Miss Brazil Is Mrs. Brazil
RIO DE JANEIRO - Beauty pageant organizers stripped Miss Brazil of her title after they discovered she was married.
Joseane Oliveira, 21, was replaced on Tuesday by first runner-up Taiza Thomsen, 21, who will perform the beauty queen's duties for the remaining three months of the reign.
Evidence of Oliveira's 1998 wedding to Rafael Gustavo Vargas was uncovered by a newspaper in her home state of Rio Grande do Sul, which published the marriage certificate in its Saturday edition.
Oliveira, who has since separated from Vargas but is not divorced, said she concealed the marriage to enter the pageant because her father was sick and she needed the money.
"I wouldn't do it again, but I don't regret anything," Oliveira said at a press conference Tuesday, when organizers presented Thomsen with Oliveira's crown.
It wasn't the first time Oliveira's behavior had drawn criticism.
Earlier this year, she appeared seminude on a Web site. Oliveira also appeared on the Brazilian version of the reality show Big Brother III, in which contestants are locked up in a house and filmed around the clock. At times she appeared to be drunk, performing lurid dances and sensually kissing another contestant. She was among the first contestants voted out of the house by her peers.
Loveland's Labor Of Love
LOVELAND, Colo. - It's time for the annual labor of love -- in the post office in Loveland, Colorado. In the coming days, about 225,000 Valentines will be postmarked by volunteers in Colorado's sweetheart city. The postmark will have a ditty penned by Jean Hunt Goudy, a long-time cupid helper. It reads in part: "Beside a lake of blue, With mountains in the distance, Sending Love to You." The postmark also shows Cupid wearing chaps and a cowboy hat.
Jurors Sentence Man To Life By Mistake
SAN FRANCISCO - Jurors are apologizing for convicting a man for growing medical marijuana.
At least five of the 12 jurors say they'd never have found Ed Rosenthal guilty if they'd known he was growing pot for the city of Oakland under California's medical marijuana law. The federal judge in San Francisco refused to allow testimony about that.
The jury foreman says, "I never want to see this happen again." Another juror says, "We were manipulated."
Rosenthal was convicted Friday. Prosecutors painted the world-renowned activist as a major drug manufacturer. He could get up to 85 years in prison.
The federal government does not recognize medical marijuana laws in the nine states that have them. Federal authorities have waged a campaign against the law in California.
Train Conductors To The Rescue!
TOKYO - A packed express train carrying thousands of commuters made an unscheduled — and probably unprecedented — stop to help a girl make it to a high school entrance exam on time, the train's operator said Wednesday.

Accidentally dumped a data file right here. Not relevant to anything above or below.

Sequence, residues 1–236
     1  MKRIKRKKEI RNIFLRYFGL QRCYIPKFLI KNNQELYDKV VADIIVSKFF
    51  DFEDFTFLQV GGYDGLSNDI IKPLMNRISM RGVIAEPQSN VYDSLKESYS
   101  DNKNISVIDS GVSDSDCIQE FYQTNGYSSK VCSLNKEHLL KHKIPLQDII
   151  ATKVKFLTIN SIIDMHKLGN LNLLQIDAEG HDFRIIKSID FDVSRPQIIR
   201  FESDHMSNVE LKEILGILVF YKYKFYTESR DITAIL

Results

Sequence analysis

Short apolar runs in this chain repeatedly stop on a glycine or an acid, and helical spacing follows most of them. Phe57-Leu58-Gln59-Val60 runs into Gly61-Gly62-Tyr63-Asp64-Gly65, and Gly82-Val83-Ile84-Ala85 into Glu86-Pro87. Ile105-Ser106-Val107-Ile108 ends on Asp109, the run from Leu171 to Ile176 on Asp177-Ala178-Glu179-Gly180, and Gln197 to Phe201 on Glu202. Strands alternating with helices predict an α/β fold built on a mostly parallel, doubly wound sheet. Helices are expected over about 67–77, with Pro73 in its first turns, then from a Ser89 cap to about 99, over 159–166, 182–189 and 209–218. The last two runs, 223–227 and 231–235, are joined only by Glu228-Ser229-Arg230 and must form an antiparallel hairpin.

"We decided a young person's future was on the line," said a railway official on condition of anonymity. He couldn't recall any similar cases.
The 15-year-old girl left home with plenty of time Monday morning for a 9:20 a.m. exam to attend a competitive public school in a Tokyo suburb. Her name wasn't provided.
But instead of taking a local line that would have carried her to a nearby neighborhood for the test, she boarded a commuter express train that wasn't due to make another stop until it was in the heart of Tokyo's business district.
Horrified to discover halfway to Tokyo she was speeding toward the city center and not her exam, the girl drew the attention of fellow passengers who alerted the conductor.
The Chiba Office of East Japan Railway then decided on the unprecedented step of having the train make a special stop to let the girl off.
The girl's parents called the railway later that evening to report their daughter made it to the exam just in time.
Empire State Building Run-Up
NEW YORK — Who needs an elevator? Not these runners.
Coming from around the world, 116 men and women gathered at the Empire State Building on Tuesday to run up 86 floors — 1,576 steps to the observation deck for the 26th annual Fleet Empire State Building Run-Up, an event organized by the New York Road Runners Club.
Australian Paul Crake won the men's race for the fifth consecutive year, finishing in 9 minutes and 33 seconds, seven seconds off his time from the previous year.
Among the women, Cindy Moll, of Indianapolis, Ind., came in first, with a time of 13:06. She had been second in last year's race.
Another notable runner was Chico Scimone, 91, of Sicily, competing in his 13th career run-up. He finished with a time of 40:02.
With 102 floors, the Empire State Building was the tallest building in the world from its completion in 1931 until 1972, when the first of the World Trade Center's twin towers was completed.
What's In A Name?
PHOENIX — Arizona's tight gubernatorial race last year left a phone book company confused.
In the newest edition of the National Directory Co. phone book, Republican Matt Salmon is listed as governor under "Governor's Office" — even though Democrat Janet Napolitano won the race.
The mistake came about as the Tustin, Calif.-based company was putting together the phone book in December and looked at the Maricopa County recorder's website for election results.
In Maricopa County, one of 15 counties in Arizona, Salmon received 337,954 votes to Napolitano's 313,107 votes.
Statewide, Napolitano eked out a narrow win against Salmon.
NDC doesn't plan on fixing the mistake in this edition, which was distributed to about 160,000 households, said Dorothy Carmadella, NDC vice president of operations.
"It's an unfortunate mistake for the phone book directory," said Napolitano spokeswoman Kris Mayes. "The phone numbers in it were right, the only thing they got wrong was the name."